By: Rob Davis
Rapid growth of ground-mounted solar presents opportunity to establish hundreds of millions of native plants.
Across Minnesota workers are preparing dozens of sites in order to seed more than 30 million native, pollinator-friendly plants. These low-growing and shade-tolerant flowers and prairie grasses will be established where you might least expect — under and around ground-mounted solar panels.
Nationwide prices are plummeting for rooftop and ground-mounted solar panels, and large sites are popping up wherever there is low-cost land and access to an electrical substation. And with 25-year land leases frequently paying $700-$1,500 per acre, farmers and other land owners are increasingly interested in having solar on a portion of their property.
Recipient of the MacArthur Foundation’s “Genius” award, Dr. Marla Spivak of the University of Minnesota Bee Lab, sees a promising opportunity. “It would be great to have pollinator habitat under and around solar panels and arrays.”
The timing couldn’t be better for commercial bees and wild pollinators, which have suffered massive population losses in our lifetimes in part because of dwindling access to food and habitat. For wild insects and managed bees these sites will be multi-acre buffets of nutritious, native plant pollen and nectar.
Energy policies vary state by state, but between just a handful of states — Florida, Georgia, Minnesota, Maryland, New York, North Carolina, and Oregon — more than 30,000 acres of solar sites are being built this year, and more than 19,000 acres are in development to be built next year. All together, solar projects could provide a world of good for pollinators — and landscape business including Prairie Restorations, Ernst Conservation Seeds, Prairie Moon, and American Native Plants have noticed.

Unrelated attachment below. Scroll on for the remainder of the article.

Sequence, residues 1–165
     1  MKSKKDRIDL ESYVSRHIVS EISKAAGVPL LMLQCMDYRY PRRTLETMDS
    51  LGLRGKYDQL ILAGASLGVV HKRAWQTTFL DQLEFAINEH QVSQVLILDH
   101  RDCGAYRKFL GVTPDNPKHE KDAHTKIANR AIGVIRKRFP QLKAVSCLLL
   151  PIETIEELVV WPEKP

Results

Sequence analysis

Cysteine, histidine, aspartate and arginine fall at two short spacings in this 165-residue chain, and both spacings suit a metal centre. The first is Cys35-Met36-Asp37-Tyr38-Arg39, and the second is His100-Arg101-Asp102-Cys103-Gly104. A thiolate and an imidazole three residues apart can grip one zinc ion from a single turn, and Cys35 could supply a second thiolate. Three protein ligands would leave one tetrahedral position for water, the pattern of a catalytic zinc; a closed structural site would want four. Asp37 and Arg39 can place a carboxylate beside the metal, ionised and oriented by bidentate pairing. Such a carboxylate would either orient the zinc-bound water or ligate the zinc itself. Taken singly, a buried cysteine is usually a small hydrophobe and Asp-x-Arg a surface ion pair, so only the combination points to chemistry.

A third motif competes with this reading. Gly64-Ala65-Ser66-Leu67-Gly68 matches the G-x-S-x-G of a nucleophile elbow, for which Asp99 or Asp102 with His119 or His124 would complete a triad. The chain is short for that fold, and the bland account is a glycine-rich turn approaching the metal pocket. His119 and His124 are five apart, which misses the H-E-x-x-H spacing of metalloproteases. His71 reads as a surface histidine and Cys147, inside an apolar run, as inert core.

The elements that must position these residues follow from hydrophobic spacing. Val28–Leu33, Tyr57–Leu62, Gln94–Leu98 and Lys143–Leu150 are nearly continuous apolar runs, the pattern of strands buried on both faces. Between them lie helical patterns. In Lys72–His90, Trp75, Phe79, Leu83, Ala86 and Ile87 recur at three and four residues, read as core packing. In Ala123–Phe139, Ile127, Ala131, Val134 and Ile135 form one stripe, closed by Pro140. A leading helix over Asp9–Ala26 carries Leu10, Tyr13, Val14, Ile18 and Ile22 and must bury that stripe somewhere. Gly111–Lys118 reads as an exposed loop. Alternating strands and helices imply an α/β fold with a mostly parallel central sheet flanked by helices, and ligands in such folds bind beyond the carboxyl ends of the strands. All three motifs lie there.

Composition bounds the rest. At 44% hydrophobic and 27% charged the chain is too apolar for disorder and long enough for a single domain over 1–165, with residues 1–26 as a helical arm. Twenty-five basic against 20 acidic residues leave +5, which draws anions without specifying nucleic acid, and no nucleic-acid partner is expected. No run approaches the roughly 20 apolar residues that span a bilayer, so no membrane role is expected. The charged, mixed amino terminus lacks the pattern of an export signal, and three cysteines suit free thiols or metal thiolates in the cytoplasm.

“Within every habitat in North America there is a large variety of pollinator friendly plant species that can be used under solar panels. The panels do create a challenge of some height limitations which will slightly restrict the overall diversity of the plantings, but we can still provide a wide range of forbs and grasses that will be a delight to the pollinators and songbirds native to that area,” said Ron Bowen, founder and CEO of Prairie Restorations, Inc. “The seasonal spectrum that can be planted beneath a solar array, and the fact that once it’s installed, herbicides and pesticides aren’t typically used, makes acreage near solar fields excellent locations for raising healthy bee colonies.”
More Solar, More Privately Financed Pollinator Habitat